Tenure does offer protection for free thinkers, though I'm not sure how many of my colleagues actually take advantage of that freedom. And indeed, it's too easy for Know-Nothings to poke ignorant fun at obscure-sounding research that they don't understand. Above all: the bottom line should be driven by intellectual, not financial, considerations. Most of the "reforms" currently sweeping campuses like mine clearly are not.

Sunday, May 3, 2009

Wittgenstein, clever and silly



Wittgenstein ("Witty," as a student tagged the morose, intense, brilliant Austro-Anglican recently) made the funny papers this morning. It's about time!

Friday, May 1, 2009

Spring at last

As noted over at my morning blog, today is May Day.

The researchers at Writer's Almanac summarize its significance:

...a holiday with its roots in the fertility celebrations of pre-Christian Europe. At Oxford University, otherwise intelligent young scholars jump off the Magdalen Bridge into a section of the Cherwell River that is two feet deep. At St. Andrews in Scotland, students gather on the beach the night before May Day, build bonfires, and then at sunrise they run into the very cold North Sea, some of them without any clothes on. There are bonfires and revelry in rural Germany. And there's hula dancing to the "May Day is Lei Day" song in Hawaii. In Minneapolis, there's the May Day Parade that marches south down Bloomington Avenue. It's organized by the In the Heart of the Beast Puppet and Mask Theatre, now in its 35th year and attracting about 35,000 people.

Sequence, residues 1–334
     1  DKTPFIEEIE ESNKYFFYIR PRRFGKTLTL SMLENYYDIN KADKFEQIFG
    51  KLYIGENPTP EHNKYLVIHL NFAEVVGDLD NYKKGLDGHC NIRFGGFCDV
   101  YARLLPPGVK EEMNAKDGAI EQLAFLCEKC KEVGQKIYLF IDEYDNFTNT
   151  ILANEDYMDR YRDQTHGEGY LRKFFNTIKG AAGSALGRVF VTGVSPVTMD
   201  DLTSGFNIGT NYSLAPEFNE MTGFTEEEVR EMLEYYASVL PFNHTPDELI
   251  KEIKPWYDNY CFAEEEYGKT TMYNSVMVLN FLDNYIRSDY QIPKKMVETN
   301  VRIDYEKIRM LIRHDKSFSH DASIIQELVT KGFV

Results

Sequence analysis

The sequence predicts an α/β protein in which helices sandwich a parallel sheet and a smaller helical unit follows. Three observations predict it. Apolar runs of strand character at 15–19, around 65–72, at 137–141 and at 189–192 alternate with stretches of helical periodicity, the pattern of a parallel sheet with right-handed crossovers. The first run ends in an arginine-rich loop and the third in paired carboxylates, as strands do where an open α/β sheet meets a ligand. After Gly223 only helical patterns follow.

May Day is also Labor Day for much of the world, a day to commemorate the economic and social improvements of workers, like the eight-hour workday. It evolved from the 1886 Haymarket Square riots, so in the United States, President Cleveland moved Labor Day to September to disassociate it with the radical left. In 1958, U.S. Congress under Eisenhower proclaimed May 1 "Loyalty Day" and also "Law Day" — two holidays that have not caught on. May Day is still a prominent holiday in communist countries like Cuba and the People's Republic of China. Two years ago, a May Day rally in Los Angeles in support of illegal immigrants turned into the L.A. May Day Mêlée after police fired rubber bullets into a crowd of demonstrators they had ordered to disperse.

But beyond fertility and political solidarity it has a far simpler significance for me. It's a harbinger of Spring, not as marked by the calendar (there's nothing especially Springy for me about the 3d week of March, except the anticipation of baseball's Opening Day) but as measured by lengthening, warming, non-commuting days when I can sit out in my Little House and tap away on my keyboard and dream my quirky dreams. I'm doing it right now, and though it's a gray, drizzly, misting May Day, it feels like Spring at last. That's what May does for me, at least 'til the kids are released for summer break. So again, Happy May Day!

KurzweilAI.net Accelerating Intelligence News